Despite the rigid traditions of her society, Edna Pontellier attempts break free from her role as a wife and mother in search for autonomy, but, as a result, she is rejected by society and left unsatisfied. While she would like to be more independent, Creole society dictates that women should be mothers who devote their lives completely to family and duty. First, Chopin shows that there is an “absolutely inescapable link—basic, natural, and powerful—between the female identity and motherhood” to illustrate how women are bound to society’s belief that women must be mothers; Chopin does so by explaining that Madame Ratignolle, a friend of Mrs. Pontellier who she met during the summer, is always pregnant and therefore always connected to her children (Skaggs 90). Later she imparts that the typical women that summer in New Orleans “were women who idolized their children, worshipped their husbands” (Chopin 10). Her purpose in conveying thi...
... middle of paper ...
... because of the strict rules placed upon them, women are unable to live as they would like to live.
Bogard, Carely Rees. “‘The Awakening’: A Refusal to Compromise.” The University of Michigan Papers in Women’s Studies. 1977. Gale. Online. 28 January 2010.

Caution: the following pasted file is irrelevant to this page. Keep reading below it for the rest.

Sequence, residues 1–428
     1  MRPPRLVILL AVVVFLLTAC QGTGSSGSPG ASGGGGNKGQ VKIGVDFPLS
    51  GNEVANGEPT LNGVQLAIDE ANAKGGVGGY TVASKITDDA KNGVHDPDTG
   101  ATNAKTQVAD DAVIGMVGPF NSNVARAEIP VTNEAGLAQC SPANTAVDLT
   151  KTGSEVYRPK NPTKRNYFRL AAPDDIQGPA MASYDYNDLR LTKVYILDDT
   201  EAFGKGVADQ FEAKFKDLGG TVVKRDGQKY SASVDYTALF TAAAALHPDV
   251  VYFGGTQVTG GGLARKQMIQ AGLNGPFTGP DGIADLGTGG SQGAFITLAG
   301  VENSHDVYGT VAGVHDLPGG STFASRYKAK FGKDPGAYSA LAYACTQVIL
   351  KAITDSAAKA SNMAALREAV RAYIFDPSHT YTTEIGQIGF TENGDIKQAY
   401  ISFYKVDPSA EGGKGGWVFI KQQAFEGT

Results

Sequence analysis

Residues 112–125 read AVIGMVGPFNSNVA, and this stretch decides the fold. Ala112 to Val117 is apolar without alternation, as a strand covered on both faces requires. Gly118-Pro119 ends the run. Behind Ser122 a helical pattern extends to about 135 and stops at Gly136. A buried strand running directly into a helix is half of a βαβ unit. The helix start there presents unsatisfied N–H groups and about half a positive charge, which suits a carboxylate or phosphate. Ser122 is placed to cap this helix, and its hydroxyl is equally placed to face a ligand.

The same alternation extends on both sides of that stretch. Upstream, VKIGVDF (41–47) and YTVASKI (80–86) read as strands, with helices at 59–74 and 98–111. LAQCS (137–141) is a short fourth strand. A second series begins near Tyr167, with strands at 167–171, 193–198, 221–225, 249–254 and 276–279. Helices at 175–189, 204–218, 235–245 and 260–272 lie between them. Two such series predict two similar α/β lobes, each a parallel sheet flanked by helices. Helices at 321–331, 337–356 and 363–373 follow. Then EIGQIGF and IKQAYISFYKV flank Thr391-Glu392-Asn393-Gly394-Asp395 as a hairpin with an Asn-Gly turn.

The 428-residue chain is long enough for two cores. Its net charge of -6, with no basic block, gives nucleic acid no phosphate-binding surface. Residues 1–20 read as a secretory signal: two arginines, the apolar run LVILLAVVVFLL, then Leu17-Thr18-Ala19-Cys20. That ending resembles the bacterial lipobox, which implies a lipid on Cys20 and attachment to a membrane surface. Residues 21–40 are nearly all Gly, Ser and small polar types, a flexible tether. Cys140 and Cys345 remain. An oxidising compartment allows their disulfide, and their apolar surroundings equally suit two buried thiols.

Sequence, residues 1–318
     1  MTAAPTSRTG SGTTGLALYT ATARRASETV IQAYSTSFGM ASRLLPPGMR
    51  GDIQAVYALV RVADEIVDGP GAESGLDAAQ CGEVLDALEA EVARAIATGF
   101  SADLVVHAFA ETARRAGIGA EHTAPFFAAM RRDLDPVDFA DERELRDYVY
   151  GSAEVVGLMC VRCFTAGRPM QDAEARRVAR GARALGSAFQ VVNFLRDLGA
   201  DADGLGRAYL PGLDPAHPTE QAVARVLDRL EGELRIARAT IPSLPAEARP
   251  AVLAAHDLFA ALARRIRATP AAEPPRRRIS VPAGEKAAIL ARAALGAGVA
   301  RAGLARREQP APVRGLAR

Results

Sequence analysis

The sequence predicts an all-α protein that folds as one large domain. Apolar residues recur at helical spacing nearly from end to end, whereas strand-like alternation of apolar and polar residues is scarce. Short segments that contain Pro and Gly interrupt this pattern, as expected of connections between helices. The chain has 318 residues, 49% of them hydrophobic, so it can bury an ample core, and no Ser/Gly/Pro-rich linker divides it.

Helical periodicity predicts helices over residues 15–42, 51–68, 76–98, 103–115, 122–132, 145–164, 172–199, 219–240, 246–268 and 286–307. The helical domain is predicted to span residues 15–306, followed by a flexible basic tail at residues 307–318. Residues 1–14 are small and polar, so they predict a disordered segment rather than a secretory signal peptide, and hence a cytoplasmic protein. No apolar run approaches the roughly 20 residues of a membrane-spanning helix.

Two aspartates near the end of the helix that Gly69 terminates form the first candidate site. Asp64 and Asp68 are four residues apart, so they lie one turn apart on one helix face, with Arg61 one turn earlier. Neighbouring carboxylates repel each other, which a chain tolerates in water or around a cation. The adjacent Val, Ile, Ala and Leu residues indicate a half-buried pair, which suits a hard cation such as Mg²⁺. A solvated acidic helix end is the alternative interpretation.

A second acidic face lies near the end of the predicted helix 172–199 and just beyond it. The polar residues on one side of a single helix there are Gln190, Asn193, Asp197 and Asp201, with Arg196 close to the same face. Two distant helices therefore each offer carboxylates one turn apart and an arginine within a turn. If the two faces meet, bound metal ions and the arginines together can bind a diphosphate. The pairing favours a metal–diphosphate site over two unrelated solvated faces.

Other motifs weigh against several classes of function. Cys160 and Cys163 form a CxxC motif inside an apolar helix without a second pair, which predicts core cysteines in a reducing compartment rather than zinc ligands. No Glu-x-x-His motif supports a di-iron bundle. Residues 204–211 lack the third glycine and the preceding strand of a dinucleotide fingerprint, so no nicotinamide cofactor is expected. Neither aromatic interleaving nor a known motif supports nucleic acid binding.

Chopin, Kate. The Awakening. New York: Bantam Classic, 1981.
Elfenbein, Anna Shannon. “Kate Chopin’s The Awakening: An Assault on American Racial and Sexual Mythology.” Twentieth-Century Literary Criticism. (2003). Gale. Online. January 30 2010.
Malzahn, Manfred. “The Strange Demise of Edna Pontellier.” Twentieth-Century Literary Criticism. 2002. Gale. Online. 28 January 2010.
Muirhead, Marion. “Articulation and Artistry: A Conversational Analysis to The Awakening.” Southern Literary Journal. 2000. Proquest. Online. 29 January 2010.
Skaggs, Peggy. Kate Chopin. New York: Twayne Publishers, 1985.
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